“In the end, the Agencies have chosen to do what is convenient for the companies, rather than the right thing for the long-term benefit of our country,” said Securities and Exchange Commissioner Luis A. Aguilar, who noted the industry’s long history of severe underrepresentation of minorities and women. For example, white men constitute only 31 percent of the U.S. workforce but occupy 64 percent of executive and senior level positions in the financial industry. Many believe that lack of attention to communities of color contributed to regulatory neglect of problems that led to the financial crash of 2008.

The standards allow financial institutions to do a self-assessment of diversity practices, but do not require any reporting to the public or to the OMWIs. Neither do they set any standards for reporting that would allow for meaningful comparisons between companies.

Werblin noted that effective models for promoting diversity among regulated businesses, without coercion or quotas, already exist. In California, for example, both the Public Utilities Commission and Department of Insurance have programs under which regulated firms report the degree to which they contract with firms owned by women, minorities or disabled veterans. These programs, based on transparency and including clear reporting standards, have produced marked increases in contracting with diverse businesses.

“Congress directed the OMWIs to assess the diversity policies and practices of the entities they regulate, and these standards don’t fulfill the congressional mandate,” Werblin said. “Letting the companies decide whether to report, what to report and how to report it is like having no reporting at all. We’re shocked and disappointed that they’ve disregarded so much constructive input.”

Affected Communities Concerned About AT&T’s Next Move on T-Mobile Deal

Contact: Bruce Mirken, Greenlining Institute Media Relations Coordinator, 510-926-4022; 415-846-7758 (cell);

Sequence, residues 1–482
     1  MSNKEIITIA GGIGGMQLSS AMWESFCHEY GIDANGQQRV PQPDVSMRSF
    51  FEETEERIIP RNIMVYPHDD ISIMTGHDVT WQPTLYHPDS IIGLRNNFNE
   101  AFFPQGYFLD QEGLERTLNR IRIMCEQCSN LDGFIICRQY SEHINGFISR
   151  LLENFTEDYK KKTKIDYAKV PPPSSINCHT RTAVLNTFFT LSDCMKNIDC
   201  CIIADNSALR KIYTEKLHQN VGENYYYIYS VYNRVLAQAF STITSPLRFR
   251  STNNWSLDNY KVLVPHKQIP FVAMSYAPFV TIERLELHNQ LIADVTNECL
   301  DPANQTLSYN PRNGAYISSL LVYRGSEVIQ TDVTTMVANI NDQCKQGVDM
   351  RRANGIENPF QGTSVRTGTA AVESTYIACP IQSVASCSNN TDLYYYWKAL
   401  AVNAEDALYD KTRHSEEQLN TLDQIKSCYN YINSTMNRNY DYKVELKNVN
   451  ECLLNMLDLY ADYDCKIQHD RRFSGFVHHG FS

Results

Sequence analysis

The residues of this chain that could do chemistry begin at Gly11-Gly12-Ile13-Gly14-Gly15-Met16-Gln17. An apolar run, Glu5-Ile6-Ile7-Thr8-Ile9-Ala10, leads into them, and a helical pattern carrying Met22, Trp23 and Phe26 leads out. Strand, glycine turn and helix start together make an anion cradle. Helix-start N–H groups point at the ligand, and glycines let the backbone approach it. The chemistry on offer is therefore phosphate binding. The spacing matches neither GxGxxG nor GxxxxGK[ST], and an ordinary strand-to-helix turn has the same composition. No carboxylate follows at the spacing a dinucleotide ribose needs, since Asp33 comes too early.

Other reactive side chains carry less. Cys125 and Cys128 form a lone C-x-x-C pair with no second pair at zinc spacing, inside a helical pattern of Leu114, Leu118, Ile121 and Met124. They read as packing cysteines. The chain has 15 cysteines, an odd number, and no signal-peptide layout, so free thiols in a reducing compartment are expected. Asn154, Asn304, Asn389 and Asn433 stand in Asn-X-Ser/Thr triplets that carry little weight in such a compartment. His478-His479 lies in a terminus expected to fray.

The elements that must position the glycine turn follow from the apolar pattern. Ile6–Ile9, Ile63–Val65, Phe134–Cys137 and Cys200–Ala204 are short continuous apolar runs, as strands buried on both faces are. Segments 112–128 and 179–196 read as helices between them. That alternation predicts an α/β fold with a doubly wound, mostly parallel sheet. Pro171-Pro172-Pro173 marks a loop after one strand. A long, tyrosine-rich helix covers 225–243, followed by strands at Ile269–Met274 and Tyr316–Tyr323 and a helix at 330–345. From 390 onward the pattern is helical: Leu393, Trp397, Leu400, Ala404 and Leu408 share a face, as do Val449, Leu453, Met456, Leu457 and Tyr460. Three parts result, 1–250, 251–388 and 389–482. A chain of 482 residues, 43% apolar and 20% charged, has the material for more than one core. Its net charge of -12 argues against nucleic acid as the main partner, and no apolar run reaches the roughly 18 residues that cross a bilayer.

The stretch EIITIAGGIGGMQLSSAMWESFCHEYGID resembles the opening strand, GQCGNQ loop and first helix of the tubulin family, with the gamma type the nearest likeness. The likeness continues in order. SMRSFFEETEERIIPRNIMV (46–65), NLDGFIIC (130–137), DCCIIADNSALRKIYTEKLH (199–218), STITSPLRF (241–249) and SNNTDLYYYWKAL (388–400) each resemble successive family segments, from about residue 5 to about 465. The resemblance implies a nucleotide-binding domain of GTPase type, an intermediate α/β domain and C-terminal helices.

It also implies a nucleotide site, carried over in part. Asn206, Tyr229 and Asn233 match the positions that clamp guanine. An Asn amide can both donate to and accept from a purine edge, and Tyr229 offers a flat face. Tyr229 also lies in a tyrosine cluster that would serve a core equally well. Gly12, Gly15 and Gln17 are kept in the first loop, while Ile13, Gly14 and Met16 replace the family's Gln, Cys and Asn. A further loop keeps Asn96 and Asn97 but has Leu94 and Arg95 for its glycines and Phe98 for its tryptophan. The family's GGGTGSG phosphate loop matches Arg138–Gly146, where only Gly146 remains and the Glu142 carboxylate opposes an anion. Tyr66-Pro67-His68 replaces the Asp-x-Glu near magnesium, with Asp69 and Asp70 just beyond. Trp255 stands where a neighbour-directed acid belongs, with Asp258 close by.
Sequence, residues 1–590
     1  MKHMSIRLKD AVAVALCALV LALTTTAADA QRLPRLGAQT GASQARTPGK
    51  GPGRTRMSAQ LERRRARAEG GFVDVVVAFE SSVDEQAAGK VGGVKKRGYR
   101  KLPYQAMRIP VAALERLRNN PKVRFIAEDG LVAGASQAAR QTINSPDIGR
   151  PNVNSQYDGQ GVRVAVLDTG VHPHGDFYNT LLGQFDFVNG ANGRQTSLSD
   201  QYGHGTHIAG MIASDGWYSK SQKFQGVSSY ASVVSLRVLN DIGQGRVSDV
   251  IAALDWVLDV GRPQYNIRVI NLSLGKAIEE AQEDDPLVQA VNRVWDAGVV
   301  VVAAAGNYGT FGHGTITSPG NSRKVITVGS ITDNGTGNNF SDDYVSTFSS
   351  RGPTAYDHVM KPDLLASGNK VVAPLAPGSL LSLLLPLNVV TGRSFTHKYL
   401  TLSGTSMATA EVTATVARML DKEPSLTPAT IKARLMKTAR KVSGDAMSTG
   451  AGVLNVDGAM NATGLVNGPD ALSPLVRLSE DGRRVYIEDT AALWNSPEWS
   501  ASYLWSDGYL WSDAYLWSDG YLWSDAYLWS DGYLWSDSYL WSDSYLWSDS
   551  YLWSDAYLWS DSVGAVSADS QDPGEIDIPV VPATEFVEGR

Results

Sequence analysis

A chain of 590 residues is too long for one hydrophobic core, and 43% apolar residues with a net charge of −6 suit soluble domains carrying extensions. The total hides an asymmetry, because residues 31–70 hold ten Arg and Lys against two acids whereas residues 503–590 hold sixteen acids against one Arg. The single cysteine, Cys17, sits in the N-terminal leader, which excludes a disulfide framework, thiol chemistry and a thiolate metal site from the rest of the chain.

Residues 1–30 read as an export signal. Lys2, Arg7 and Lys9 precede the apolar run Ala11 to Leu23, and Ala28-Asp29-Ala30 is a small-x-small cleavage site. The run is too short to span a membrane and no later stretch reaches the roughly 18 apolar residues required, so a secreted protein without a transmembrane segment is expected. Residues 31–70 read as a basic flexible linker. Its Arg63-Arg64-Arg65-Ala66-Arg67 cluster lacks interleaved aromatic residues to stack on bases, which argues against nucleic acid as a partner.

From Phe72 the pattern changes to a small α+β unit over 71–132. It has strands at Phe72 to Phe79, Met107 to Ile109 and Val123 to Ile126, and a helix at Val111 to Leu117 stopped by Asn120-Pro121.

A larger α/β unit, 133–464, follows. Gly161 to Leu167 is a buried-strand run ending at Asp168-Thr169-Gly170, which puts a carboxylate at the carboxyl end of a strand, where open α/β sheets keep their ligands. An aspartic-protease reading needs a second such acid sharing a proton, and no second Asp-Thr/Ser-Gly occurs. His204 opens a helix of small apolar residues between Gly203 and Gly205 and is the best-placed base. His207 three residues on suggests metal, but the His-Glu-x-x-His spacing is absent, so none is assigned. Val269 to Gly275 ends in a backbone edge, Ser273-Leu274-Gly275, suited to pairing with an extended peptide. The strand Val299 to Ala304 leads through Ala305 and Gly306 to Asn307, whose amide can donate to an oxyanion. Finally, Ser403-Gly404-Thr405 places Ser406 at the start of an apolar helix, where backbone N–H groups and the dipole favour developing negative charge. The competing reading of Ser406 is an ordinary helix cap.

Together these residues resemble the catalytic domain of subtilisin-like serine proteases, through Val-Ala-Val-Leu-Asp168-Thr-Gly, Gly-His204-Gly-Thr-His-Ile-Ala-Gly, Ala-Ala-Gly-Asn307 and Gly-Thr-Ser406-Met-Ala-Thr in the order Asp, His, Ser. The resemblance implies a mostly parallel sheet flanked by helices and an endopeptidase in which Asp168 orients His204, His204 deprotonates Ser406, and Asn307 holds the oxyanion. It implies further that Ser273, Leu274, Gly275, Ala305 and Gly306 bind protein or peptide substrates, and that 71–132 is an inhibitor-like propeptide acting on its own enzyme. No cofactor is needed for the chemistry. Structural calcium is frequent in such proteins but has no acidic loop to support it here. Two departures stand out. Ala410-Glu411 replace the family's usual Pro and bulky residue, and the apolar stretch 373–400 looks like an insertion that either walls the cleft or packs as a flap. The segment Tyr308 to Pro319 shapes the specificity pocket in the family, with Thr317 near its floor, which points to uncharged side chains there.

Stall Tactic With Regulators Would Be Damaging to All, Greenlining Institute Says

BERKELEY, CALIFORNA — Communities facing harm from AT&T’s proposed takeover of T-Mobile watched with concern over the Thanksgiving weekend as the company publicly sparred with the Federal Communications Commission over the implications of AT&T’s Thanksgiving morning withdrawal of its merger application, including whether the FCC can proceed with its administrative law case.

Continue reading “Affected Communities Concerned About AT&T’s Next Move on T-Mobile Deal”

Affordable Health Insurance Urgently Needs Your Voice

Health insurance premiums for families rose 131%, while the general rate of inflation increased just 28% during the same period, according to a report by the Kaiser Family Foundation.

Dear Greenlining Health & Business Leaders,

AB 52 (Feuer) passed the Assembly Thursday in a 45 to 28 vote! While this is a huge victory we still have a tough battle ahead as the bill now moves to the Senate!
Continue reading “Affordable Health Insurance Urgently Needs Your Voice”

Alejo Introduces Bill to Encourage Clean Energy Contracts with Minority Firms

Would Boost Small Businesses with Supplier Diversity Program Similar to Longstanding CPUC Effort